Devin Sarno

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Devin Sarno
Devin Sarno.jpg
Devin Sarno
Background information
Origin Glendale, California, USA
Genres Experimental music
Ambient music
Years active 1985–present
Labels Banned Production
Website Official Website

Devin Sarno (born in Glendale, California in 1966) began CRIB [1] in early 1990 as a solo bass sound project focusing on improvised subsonics. Over the course of a decade (and over a dozen recordings) [2] his music evolved from high volume feedback experimentation to a sonic examination of the meditative properties of low-end drone music.[3] In 2003, the CRIB moniker was retired & Sarno now performs & records under his own name.

Sarno was a founding member of the Los Angeles, CA art-rock band Waldo The Dog Faced Boy and in 1989, along with partner/producer Tom Grimley, he also co-founded the experimental label WIN Records, which was home to artists such as: Petra Haden, Alicia J. Rose, The Centimeters, Upsilon Acrux & many more. As a bassist, Sarno has collaborated/recorded with a range of diverse acts including: Nels Cline, Thurston Moore, Vincent Gallo, Joe Baiza, Mike Watt, Jack Brewer, Z'EV, Petra Haden, that dog., Abby Travis, Danny Frankel, G.E. Stinson, Jeff Gauthier, Tom Surgal, Upsilon Acrux, Carla Bozulich, Brandon LaBelle, Jason Kahn, The Watson Twins, Jessica Catron, Celer and others.

Sarno's music was featured on the CBS TV network program The Courier (micro-series) which aired nationally in January 2006 [4] and found itself broadcast over New York City's Times Square JumboTron. Film composing works have included the score for "Postmortem Bliss" [5] by noted director Floria Sigismondi as well as "Eve" and "DadaDum" for Canadian-based director/fine artist Britt Randle. "DadaDum" screened at the 2007 Toronto International Film Festival as a Best Short Film nominee.

In January 2011, Sarno began curating the independent netlabel Absence of Wax.[6]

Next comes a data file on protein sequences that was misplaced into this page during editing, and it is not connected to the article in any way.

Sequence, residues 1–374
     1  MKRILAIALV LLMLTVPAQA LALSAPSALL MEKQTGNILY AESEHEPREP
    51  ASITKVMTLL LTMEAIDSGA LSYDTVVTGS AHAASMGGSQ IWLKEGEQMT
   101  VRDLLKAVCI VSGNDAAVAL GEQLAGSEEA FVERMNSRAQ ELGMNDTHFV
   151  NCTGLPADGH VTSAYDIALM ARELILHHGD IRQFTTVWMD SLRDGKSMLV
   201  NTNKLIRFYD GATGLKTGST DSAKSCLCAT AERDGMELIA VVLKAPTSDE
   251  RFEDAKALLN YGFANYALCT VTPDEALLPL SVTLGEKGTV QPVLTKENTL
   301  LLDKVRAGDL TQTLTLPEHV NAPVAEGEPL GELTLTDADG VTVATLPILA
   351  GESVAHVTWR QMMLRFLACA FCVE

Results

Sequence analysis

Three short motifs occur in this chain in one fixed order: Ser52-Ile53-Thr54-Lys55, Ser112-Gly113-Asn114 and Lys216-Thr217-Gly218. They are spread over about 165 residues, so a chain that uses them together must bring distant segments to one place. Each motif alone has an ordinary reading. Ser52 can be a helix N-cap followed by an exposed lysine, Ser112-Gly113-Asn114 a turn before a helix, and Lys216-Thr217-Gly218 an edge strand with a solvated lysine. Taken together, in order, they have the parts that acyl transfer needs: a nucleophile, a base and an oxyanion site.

Selected discography[edit]

  • 2011 Devin Sarno "first-impresssion" for 1.1.11 (Absence of Wax)
  • 2010 Devin Sarno "Three Twenty Eight Twenty Ten" (Banned Production)
  • 2007 Devin Sarno "Full dynamics-frequency Spectrum" (Banned Production) [7]
  • 2007 Devin Sarno & G.E. Stinson "Heart Cell Memory" (Squirrelgirl) [8]
  • 2005 Devin Sarno "Variations" (Banned Production)
  • 2004 Nels Cline + Devin Sarno "Buried on Bunker Hill" (Groundfault) [9]
  • 2002 CRIB "Remnant" (True Classical CDs) [10]
  • 2000 CRIB "Forward Back" (WIN Records) [11]
  • 1998 CRIB "She Is Church" (WIN Records) [12]
  • 1998 Nels Cline + Devin Sarno "Rise Pumpkin Rise" (Volvolo)
  • 1998 Nels Cline + Devin Sarno "Edible Flowers" (WIN Records) [13]
  • 1992 Waldo The Dog Faced Boy "Tingle" (WIN Records)
  • 1989 Waldo The Dog Faced Boy "Gifts of Finest Wheat" (WIN Records)
  • 1987 Waldo The Dog Faced Boy "Wood" (WIN Records)

Musical Influences[edit]

References[edit]

  1. ^ Ned Raggett. "All Music Biography". allmusic.com. Retrieved November 26, 2009. 
  2. ^ "Devin Sarno Discography". devinsarno.com. Retrieved November 26, 2009. 
  3. ^ Greg Burk (May 10, 2005). "Memory Train". L.A. Weekly. Retrieved November 26, 2009. 
  4. ^ "The Futon Critic". January 17, 2006. Retrieved November 26, 2009. 
  5. ^ "Turner Classic Movies". September 15, 2006. Retrieved November 26, 2009. 
  6. ^ Marc Weidenbaum (January 7, 2011). "SAW A NEW NETLABEL JUST THE OTHER DAY". Disquiet. Retrieved May 2, 2011. 
  7. ^ Greg Burk (December 14, 2007). "Metal Jazz review". metaljazz.com. Retrieved November 26, 2009. 
  8. ^ REDIZORK (February 23, 2008). "Deleted Scenes, Forgotten Dreams review". deletedscenesforgottendreams.blogspot.com. Retrieved November 26, 2009. 
  9. ^ Rex Butters (January 17, 2005). "All About Jazz review". allaboutjazz.com. Retrieved November 26, 2009. 
  10. ^ Max Level (January 7, 2006). "KFJC 89.7 FM review". sonomu.net. Retrieved November 26, 2009. 
  11. ^ Simon Hopkins (April 26, 2000). "Sonomu review". sonomu.net. Retrieved November 26, 2009. 
  12. ^ J. Lloyd (January 9, 2000). "Amazon.com review". Amazon.com. Retrieved November 26, 2009. 
  13. ^ Simon Hopkins (March 19, 1999). "Sonomu review". sonomu.net. Retrieved November 26, 2009. 

External links[edit]